APPEAL by the defendant, Vanderveer Crossings, Incorporated, from a judgment of the Supreme Court in favor of the plaintiffs, entered in the office of the clerk of the county of New York on the 22d day of November, 1911, upon the verdict of a jury, and also from an order entered in said clerk's office on the 24th day of November, 1911, denying the defendant's motion for a new trial made upon the minutes.
Charles C. Clark, for the appellant.
Abraham A. Silberberg, for the respondent Hochstein.
Julius G. Kremer, for the respondent Feldman.
On the 23d of February, 1906, the defendant was the owner of a large tract of land in Kings county, which, according to a map and survey, it had subdivided into building lots. On
that day it entered into a written contract with the plaintiffs by which it agreed, in consideration of $8,800 to sell and convey to them lots 43 to 64, both inclusive, in block 36, as laid down on the map. Eight hundred and eighty dollars of the consideration was then paid and equal monthly payments agreed to be thereafter made until one-half of the purchase price was paid, at which time defendant was to convey, taking back a purchase-money mortgage for the remaining unpaid one-half. On the back of the contract was a typewritten statement, signed by the president of the defendant, as follows: 'It is agreed that the grading of Vanderveer Crossings, the filling in of the creek, the putting in of made roads, shade trees and sidewalks, shall be accomplished free to lot buyers within three years from April 2nd, 1906.' The creek referred to is Fresh creek, a navigable stream subject to the ebb and flow of the tide, upwards of 200 feet in width, 50 feet in depth, and extends along the easterly side of defendant's tract of land to Jamaica bay. The lots contracted to be purchased by the plaintiffs do not front on the creek, but are located at least 600 feet from it, on a street that runs approximately parallel with it at that point. The time fixed by the contract for the passing of title was over a year prior to the time fixed in the statement when the creek was to be filled in, but the date for the closing of title was adjourned from time to time until May 21, 1909. On that day the plaintiffs tendered to the defendant a sum sufficient to entitle them to a deed and also tendered a purchase-money mortgage for the unpaid portion of the purchase price. The defendant tendered a deed, which the plaintiffs refused to accept because the creek had not been filled in, and they thereupon brought this action to recover damages, on the ground that the failure to fill in the creek was a breach of the contract to convey. The defendant put in issue the allegations of the complaint upon which a recovery was asked, and alleged affirmatively that at the time the contract was entered into it in good faith believed it was the owner of the bed of the creek referred to, having acquired the same by warranty deed, but thereafter it had been judicially determined it did not hold such title, for which reason it could not fill in the creek. The trial court charged the jury in effect, if it found that the plaintiffs relied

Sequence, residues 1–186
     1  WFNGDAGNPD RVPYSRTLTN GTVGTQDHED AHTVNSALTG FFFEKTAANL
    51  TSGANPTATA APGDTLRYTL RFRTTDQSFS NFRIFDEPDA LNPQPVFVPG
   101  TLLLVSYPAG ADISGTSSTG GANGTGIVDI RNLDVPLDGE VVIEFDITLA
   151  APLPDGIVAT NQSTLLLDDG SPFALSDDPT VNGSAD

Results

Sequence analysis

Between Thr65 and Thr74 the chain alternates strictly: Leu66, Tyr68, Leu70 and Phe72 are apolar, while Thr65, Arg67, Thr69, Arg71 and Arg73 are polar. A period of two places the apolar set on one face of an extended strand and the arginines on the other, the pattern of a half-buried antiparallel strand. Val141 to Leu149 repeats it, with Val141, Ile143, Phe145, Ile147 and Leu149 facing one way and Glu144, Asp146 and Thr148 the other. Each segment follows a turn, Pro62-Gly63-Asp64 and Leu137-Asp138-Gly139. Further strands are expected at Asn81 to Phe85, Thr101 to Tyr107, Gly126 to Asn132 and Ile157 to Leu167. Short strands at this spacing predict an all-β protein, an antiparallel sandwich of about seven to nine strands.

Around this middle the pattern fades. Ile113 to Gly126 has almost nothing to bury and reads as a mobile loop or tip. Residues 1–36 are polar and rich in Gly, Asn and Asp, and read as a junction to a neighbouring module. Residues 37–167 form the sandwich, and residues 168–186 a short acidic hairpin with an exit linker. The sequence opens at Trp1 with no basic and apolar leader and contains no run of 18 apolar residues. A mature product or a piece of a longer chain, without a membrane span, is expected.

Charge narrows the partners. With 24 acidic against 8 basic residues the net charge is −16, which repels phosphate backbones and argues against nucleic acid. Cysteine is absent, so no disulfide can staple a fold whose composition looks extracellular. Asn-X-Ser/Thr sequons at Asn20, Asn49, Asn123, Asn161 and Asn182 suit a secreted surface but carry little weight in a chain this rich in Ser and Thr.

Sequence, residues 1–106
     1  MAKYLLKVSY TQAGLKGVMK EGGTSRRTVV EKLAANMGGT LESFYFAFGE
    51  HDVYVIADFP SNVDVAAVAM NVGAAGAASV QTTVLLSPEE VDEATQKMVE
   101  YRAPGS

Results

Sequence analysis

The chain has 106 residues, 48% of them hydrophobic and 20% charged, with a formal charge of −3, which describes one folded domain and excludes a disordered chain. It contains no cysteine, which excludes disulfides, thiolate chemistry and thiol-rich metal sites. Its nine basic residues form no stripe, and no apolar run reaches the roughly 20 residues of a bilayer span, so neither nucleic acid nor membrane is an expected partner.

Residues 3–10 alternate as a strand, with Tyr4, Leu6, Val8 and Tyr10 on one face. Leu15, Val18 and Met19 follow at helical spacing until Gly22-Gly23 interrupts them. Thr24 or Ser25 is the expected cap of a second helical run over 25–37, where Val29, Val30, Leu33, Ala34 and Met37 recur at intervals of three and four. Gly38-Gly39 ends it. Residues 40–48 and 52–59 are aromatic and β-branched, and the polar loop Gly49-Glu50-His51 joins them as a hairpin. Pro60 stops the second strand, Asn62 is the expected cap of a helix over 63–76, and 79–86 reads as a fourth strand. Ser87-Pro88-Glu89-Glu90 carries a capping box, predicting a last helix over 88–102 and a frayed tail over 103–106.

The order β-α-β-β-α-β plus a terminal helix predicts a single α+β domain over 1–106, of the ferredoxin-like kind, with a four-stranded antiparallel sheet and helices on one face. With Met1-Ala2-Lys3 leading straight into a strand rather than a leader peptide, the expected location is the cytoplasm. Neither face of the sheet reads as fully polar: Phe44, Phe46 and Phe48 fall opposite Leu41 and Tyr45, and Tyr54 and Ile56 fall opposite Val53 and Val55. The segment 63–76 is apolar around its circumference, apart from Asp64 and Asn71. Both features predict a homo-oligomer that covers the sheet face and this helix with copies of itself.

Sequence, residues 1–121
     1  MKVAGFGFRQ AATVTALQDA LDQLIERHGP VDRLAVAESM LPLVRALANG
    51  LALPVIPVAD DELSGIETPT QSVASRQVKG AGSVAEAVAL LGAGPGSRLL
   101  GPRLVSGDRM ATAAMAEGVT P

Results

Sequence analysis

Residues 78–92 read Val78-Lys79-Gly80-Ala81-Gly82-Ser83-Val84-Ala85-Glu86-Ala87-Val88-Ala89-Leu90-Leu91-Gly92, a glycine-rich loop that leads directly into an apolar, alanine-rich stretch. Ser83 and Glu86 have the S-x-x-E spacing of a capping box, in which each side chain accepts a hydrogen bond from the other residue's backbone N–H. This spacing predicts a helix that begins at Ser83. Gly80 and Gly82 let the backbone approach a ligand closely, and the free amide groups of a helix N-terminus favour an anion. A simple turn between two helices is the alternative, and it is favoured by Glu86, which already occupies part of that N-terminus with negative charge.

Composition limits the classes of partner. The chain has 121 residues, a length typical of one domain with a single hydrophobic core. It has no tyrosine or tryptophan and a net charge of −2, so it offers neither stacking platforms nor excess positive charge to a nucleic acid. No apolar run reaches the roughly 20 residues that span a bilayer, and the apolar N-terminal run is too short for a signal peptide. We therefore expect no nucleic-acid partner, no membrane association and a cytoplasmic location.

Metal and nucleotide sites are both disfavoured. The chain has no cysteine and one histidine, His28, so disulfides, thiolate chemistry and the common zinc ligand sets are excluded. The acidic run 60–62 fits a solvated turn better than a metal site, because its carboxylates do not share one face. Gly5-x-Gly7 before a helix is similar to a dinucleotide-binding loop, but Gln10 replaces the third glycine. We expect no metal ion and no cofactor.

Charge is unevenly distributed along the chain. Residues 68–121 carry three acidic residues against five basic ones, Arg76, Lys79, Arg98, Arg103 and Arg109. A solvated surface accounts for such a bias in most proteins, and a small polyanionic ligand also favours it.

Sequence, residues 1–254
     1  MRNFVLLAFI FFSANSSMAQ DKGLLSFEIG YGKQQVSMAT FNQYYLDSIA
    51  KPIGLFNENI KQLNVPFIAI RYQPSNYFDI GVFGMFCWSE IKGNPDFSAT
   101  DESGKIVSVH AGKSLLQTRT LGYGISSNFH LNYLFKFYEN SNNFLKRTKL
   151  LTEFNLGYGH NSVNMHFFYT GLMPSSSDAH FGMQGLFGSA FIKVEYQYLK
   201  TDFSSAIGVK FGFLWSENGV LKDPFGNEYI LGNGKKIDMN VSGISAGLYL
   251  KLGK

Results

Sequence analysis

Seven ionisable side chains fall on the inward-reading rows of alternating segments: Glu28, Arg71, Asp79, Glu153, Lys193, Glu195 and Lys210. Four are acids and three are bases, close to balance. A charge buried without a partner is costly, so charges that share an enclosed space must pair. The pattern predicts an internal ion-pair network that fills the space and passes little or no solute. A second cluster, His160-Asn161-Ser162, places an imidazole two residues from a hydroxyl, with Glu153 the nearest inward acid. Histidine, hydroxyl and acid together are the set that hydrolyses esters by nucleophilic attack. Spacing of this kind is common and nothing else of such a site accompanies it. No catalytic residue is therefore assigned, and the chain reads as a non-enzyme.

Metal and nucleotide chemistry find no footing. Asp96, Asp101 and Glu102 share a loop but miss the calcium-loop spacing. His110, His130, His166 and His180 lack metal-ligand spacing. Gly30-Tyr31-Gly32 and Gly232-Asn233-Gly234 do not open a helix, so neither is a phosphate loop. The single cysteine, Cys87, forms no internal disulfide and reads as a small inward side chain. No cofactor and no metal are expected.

in entering into the contract upon the statement that the creek would be filled in, then they were entitled to damages, the measure of which was the difference between the contract price of the lots and their value on May 21, 1909, and in determining that question they might consider what the plaintiffs had paid. To such instructions exceptions were duly taken. The jury rendered a verdict of $16,500, and from the judgment entered thereon and an order denying a motion for a new trial defendant appeals.
I am of the opinion the judgment appealed from should be reversed. The statement on the back of the contract to the effect that the defendant would fill in the creek 'free to lot buyers within three years from April 2nd, 1906,' was a collateral, independent agreement, in no way connected with or subject to the conveyance of the lots. This not only appears from the language used in the contract, but was what both parties understood and intended. By the contract, if the time to take title had not been extended, conveyance was to be made more than a year prior to the time when the creek was to be filled in. The fact that the time was extended did not change the independent and collateral agreement, or excuse the plaintiffs from taking title. Their right to have the creek filled in depended upon their taking title. Until they carried out their contract by acquiring the title they were not in a position to complain. The creek was to be filled in 'free to lot buyers' within the time stated. The plaintiffs never purchased the lots. They refused to take the title. It is conceded, at least the fact is not disputed, that the deed tendered would have conveyed good title to the twenty-two lots--all of the land contracted to be conveyed. Defendant never agreed to convey any part of the bed of the creek or to give plaintiffs any interest in it.
This is the second appeal. At the first trial the plaintiff had a verdict, which was set aside by the trial court on the ground that the jury had been erroneously instructed to the effect that the agreement to fill in the creek was not independent or collateral to the covenant to convey. On appeal the order was affirmed (146 A.D. 879). This became the law of the case, and, had it been followed, the second trial would have resulted in a dismissal of the complaint. The trial court, however,
overlooked the decision, or inadvertently failed to give effect to it, by instructing ...